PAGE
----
Eventually I ended up reading Collingwood's The Principles Of Art. I remember it clearly. At the end of August I tried to write an essay called 'The Science And Art Of Minds' and I couldn't do it adequately. I was stumped by the issue of living creatively, the issue of aesthetics and art. So Collingwood seemed like the logical place to turn. And gosh what a book I found! The Principles is an astounding book. I will talk big game about Collingwood all the time until I learn better. But at this point I still find his work so fascinating and fun and amazing.
I found The Principles so impressive that I decided to use it as the focal point of a large scale writing project that would address the issues raised by Foucault, and hopefully incorporate much of my other reading and writing. I managed to get really deep into the project. I wrote a ton on a lot of different things. I explicated Collingwood's aesthetics, I asked questions about how it applied to real life, and I capped the whole thing off with work on the purposeful creation of habits. The project occupied tons of my time and quite a lot of pages.
I still, however, have not finished the project. Recently I fizzled out on my serious writing. I wasn't able to continue going. But I want to continue going. And writing this post I feel it more than ever. The questions I am asking, the things I want to understand, are important to me. I don't think I'm talking about stupid things. But I might not be well read enough to talk about them adequately (duh).
And I think this is the core problem that is preventing me from plowing away at Part IV of AZI: Parts I, II, and III were drawing primarily on the reading that I had been doing for the last 2-3 years in my undergrad and my first year out of undergrad. Part IV, however, demanded that I take a very new track with my reading: it demanded political reading, reading about the relationship between art, culture and politics, reading about governments and wars, etc.. It demanded that I deal with the issues of war, politics, and violence. And I have been reading. I have certainly been reading, no doubt. But because Part IV is drawing on very fresh reading, it is much harder to write. Parts I-III were drawing on things I had read a while ago and had already been working with, already been reflecting on. But this new stuff, this Part IV, this is all very fresh, I can't expect myself to process such large and complex issues so quickly.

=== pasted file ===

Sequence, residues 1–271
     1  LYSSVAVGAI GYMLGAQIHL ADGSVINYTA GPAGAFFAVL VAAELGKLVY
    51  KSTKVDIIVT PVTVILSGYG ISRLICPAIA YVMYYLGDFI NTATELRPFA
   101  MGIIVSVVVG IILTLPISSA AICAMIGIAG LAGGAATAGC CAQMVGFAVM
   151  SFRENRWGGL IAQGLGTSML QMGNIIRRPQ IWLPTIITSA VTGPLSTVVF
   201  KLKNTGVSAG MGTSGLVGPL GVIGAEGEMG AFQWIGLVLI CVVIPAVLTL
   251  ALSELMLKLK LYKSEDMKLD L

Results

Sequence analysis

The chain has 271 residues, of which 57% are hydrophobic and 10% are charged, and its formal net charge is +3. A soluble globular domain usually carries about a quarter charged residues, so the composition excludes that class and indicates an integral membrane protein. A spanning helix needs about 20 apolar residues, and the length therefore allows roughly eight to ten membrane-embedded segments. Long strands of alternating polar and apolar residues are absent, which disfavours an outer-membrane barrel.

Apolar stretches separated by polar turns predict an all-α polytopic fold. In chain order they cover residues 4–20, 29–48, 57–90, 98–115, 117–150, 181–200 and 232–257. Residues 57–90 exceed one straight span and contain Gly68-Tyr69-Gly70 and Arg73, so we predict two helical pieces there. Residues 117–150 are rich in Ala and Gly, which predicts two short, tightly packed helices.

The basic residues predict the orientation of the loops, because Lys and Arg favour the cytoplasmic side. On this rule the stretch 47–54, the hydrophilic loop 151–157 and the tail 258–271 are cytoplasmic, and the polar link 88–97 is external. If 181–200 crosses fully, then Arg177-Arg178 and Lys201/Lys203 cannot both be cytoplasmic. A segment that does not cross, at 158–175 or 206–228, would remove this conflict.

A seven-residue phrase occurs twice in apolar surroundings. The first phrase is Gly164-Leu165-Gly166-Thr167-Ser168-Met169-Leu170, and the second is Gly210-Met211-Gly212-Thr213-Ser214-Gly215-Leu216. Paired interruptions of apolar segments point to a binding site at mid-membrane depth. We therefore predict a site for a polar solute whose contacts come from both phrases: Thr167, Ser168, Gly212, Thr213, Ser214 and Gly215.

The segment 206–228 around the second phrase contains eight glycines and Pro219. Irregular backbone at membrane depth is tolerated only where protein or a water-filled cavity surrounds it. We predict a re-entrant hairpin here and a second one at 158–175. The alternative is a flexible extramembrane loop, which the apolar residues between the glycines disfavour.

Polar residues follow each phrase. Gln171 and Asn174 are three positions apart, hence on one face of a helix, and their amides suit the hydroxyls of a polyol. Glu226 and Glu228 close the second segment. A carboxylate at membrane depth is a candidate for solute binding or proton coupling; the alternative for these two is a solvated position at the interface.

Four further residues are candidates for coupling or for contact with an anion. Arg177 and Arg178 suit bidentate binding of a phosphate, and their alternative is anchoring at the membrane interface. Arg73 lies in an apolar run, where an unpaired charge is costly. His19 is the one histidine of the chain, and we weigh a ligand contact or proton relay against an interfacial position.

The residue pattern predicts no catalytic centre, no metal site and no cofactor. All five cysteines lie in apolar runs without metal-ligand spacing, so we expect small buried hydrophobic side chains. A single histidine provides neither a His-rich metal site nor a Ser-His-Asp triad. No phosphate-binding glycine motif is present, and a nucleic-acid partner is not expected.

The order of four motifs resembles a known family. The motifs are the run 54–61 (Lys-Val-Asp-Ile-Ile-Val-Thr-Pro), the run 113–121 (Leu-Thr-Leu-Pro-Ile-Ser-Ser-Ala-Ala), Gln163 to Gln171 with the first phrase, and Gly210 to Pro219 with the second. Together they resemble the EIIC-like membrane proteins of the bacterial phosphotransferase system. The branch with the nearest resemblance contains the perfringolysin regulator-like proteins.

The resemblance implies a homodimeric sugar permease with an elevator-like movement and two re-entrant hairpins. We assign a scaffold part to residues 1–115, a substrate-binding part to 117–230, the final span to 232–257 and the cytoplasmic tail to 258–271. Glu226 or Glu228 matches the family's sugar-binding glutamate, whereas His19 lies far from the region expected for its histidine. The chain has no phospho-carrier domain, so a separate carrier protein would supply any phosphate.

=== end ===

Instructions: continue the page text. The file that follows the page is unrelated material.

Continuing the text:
I will say, however, that this post has been quite helpful for me in two ways. First, it makes me understand that Part IV is a different beast, and that the material, the reading, the thoughts, are so much fresher that I can't expect myself to make hay of it as easily as I did the other parts. Second, that by sticking to the original premise of the project (to reckon with Collingwood and Foucault) I can potentially persist and finish the project. I think I did fizzle out because I was overwhelmed with new tasks. I read Rousseau and found it confusing. I read Enlightenment's Wake and found a ton to grapple with, I read Howard Zinn and didn't know what to do, I have been reading Zizek and feel confounded.
In short, Part IV is hard as shit for me to write, and there are reasons for it. But that doesn't mean I'm done. Because I'm not.